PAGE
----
***Johnny Boy, Indeed-Alfred Hitchcock’s Suspicion
From The Pen Of Frank Jackman
Suspicion, starring Cary Grant, Joan Fontaine, directed by Alfred Hitchcock, 1941
The twentieth century, the triumphant “age of democracy,” at least in the developed West was not a particularly good time for properly trained elite school gentlemen, assorted nobles, and wayward royalty as the stresses of war, the masses, and the vigor of more secular states did in more empires than one could shake a stick at from Russia to Britain and France and broke up empires without regret. They, those sullen gentry, especially daunted second sons and certainly forlorn third or more with no hope inheriting more than a piss-pot, those degreed nobles who could neither hold onto their estates against a fellahin world or pay the damn mortgage after successive generations of entailment, social if not legal, those “kings” among men working as dime a dozen waiters in Parisian cafes or huddled in some backwater corner reliving their former splendors to a bored world all had that insufferable proper training, good breeding and only hanging with the best café society.
But the twentieth century (and now extending into the twenty-first) besides bringing fellahin uprisings and democratic veneers was preeminently the “age of the cash nexus” as well and that little problem of entailed estates, social or legal, and mortgaged to the hilt princely residences required more that some nodding acquaintance with fellow blue-bloods before selling the family silverware for one last blast before the streets. All of this by way of introducing a stellar British example of the wayward proper gentry left adrift in the twentieth century (and extending into the twenty-first for the progeny), Johnny A., (no full last name needed as his is emblematic of the breed), and his self-imposed financial problems in the film under review, Suspicion. Oh yes, since this film does not hinge on some left-wing sociological analysis and has the imprimatur of Sir (belatedly Sir) Alfred Hitchcock, a director known for mudding the waters with some off-hand intrigue and suspense before resolving all doubts, has the smell of murder in the air, murder most foul if certain imaginations are allowed to get the better of the situation.
Here’s why we can speak candidly of murder, murder most foul. Our boy Johnny A. (played to a tee by Cary Grant who seems to have been born to fill such ruined high bred, good fellow well met, gentry cinematic roles), all good breeding and manners was a sporting man, a serious sporting man who had run out of possibilities with the known gentry but who still had those nagging problems of owing every Tom, Dick, and Harry around. And one of those Tom, Dick, and Harrys is his friendly bookie who is looking for his dough when Johnny boy’s nags ran out. See he figured that if Johnny had won he would have to have paid out so fair is fair. And Johnny is smart enough to see that if he wants to live another day to make that surefire bet that will get him on easy street that he must agree with such a proverbial thought.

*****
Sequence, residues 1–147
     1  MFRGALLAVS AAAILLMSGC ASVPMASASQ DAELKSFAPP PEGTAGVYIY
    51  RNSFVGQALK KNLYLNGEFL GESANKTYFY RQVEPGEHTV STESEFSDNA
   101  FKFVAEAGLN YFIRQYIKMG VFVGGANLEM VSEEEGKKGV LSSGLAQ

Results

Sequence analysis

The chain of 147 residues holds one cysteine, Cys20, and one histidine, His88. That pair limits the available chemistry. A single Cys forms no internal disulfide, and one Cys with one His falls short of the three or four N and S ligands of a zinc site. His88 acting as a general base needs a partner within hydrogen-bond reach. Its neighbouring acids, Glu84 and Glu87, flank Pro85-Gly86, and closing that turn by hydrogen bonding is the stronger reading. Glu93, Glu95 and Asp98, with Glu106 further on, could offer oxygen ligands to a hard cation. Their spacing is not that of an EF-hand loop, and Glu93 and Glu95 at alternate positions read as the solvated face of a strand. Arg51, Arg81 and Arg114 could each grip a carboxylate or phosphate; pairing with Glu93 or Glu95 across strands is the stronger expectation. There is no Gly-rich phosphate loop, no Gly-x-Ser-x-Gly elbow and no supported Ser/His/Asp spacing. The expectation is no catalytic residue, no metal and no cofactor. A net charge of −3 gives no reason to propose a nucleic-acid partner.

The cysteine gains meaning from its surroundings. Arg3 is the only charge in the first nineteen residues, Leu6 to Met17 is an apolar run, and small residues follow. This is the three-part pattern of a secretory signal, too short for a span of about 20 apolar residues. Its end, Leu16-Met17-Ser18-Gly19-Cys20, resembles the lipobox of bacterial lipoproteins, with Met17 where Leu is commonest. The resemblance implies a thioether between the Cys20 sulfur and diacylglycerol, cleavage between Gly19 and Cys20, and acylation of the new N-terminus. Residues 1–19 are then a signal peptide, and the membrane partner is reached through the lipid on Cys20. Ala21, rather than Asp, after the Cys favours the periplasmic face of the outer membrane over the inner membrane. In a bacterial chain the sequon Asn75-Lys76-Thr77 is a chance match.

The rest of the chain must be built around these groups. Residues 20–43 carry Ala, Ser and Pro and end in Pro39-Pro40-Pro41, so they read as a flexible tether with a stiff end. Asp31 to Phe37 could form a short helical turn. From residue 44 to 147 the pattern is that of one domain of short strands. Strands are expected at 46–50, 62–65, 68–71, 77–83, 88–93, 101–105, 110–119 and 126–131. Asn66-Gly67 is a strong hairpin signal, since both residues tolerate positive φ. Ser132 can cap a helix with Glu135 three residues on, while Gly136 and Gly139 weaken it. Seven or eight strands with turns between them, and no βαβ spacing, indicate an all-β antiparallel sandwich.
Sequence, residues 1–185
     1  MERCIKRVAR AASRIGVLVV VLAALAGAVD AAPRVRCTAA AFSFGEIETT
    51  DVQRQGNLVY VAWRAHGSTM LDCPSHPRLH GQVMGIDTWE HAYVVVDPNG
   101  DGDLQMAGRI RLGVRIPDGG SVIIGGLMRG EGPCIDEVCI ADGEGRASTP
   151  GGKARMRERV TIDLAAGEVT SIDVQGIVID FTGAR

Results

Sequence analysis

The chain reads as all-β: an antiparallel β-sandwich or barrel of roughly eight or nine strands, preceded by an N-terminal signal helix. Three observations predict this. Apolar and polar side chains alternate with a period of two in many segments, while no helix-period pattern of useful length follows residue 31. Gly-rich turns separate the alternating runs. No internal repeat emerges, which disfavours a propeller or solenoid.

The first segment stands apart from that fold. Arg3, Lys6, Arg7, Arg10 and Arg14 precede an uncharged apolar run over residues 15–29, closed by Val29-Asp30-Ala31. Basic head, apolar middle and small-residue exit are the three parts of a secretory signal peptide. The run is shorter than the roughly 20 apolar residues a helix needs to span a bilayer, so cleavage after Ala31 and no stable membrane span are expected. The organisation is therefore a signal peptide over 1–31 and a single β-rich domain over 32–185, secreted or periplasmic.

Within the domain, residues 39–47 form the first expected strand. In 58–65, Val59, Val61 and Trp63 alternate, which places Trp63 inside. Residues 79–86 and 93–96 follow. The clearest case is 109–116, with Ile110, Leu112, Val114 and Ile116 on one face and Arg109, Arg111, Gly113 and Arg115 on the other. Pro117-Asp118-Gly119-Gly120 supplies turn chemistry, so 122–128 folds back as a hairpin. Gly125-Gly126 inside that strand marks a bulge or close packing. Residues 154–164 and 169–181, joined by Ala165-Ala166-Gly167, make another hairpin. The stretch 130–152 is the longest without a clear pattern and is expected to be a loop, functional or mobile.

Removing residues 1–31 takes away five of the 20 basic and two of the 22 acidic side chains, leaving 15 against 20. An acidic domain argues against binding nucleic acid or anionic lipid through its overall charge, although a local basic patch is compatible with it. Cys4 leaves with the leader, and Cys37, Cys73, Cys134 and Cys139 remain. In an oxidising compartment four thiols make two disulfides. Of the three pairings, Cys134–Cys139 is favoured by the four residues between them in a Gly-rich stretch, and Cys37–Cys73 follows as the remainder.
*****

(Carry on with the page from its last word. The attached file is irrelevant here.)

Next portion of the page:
So what is a hard-pressed man about town to do? Well here was Johnny’s scam (guys like Johnny spent many a sleepless night working out the details of such plans rather than face the prospect of gainful employment which would lead to nightmares). Or what looks to an untrained eye like an easy scam He “hit” on this dowdy spinsterly rural gentlewoman, Lina (played by Joan Fontaine, who as the film progresses remarkably loses that dowdiness, loses it all the way to an Oscar), who also has plenty of breeding, very good manners and, some dough, although as a 1940s woman she is not expected to use her obvious intelligence beyond the knitting table. Oh yes she is also looking for a man to sweep her away (although she did not know it). See Johnny, all bluster and sweet sweep her off her feet moves, figured to marry her and live off of her largess like any proper squire. Which he did, both swept her off her feet and married her. Nice work Johnny and good luck on easy street.
Well not quite. The problem was Lina’s father, a gentleman of the old school, who had insured Lina’s spinsterly future by keeping her on a short leash, a yearly allowance and not any real dough. And once he passed on later in the film, to show one final kick in the shins distain for Lina’s choice of husband, he left Lina with a thimble full of good thoughts but no dough. Oops, Johnny.
Once Johnny figured out the score (after running up the bills on the expectation of fatherly largess) he of course decided to go to work, nothing too heavy maybe managing some well- established estate, and make something of himself. Make a crestfallen Lina proud. Hold on, have you been reading this plotline, Johnny was a sport not a worker bee and so the only work he was doing, his only gainful employment, was scratching away at every scheme he could figure out to keep the creditors from the door, or worse. And that is where murder, murder most foul, really where suspicion of such deeds comes in. A series of events unfolds which look very much like somebody is being set up for murder, murder by the book if you want to know, and that somebody is Lina. At least as Johnny grows distant, as untoward things begin to happen that is what Lina believed her fate to be.
That series of unexplained coincidences from the mysterious death of Johnny’s partner in a real estate scheme just before it was to be completed by a party, or parties unknown, to those various suspense-building untoward things happening to Lina drives the last part of the film. Remember too Johnny was a sport, a con man, a flimflam man and not built for murder. Know this as well, if you can believe this about sporting Johnny, in the end, despite his financial problems and whatever drove him to pull his scams on her he actually loved his Lina. Go figure, right.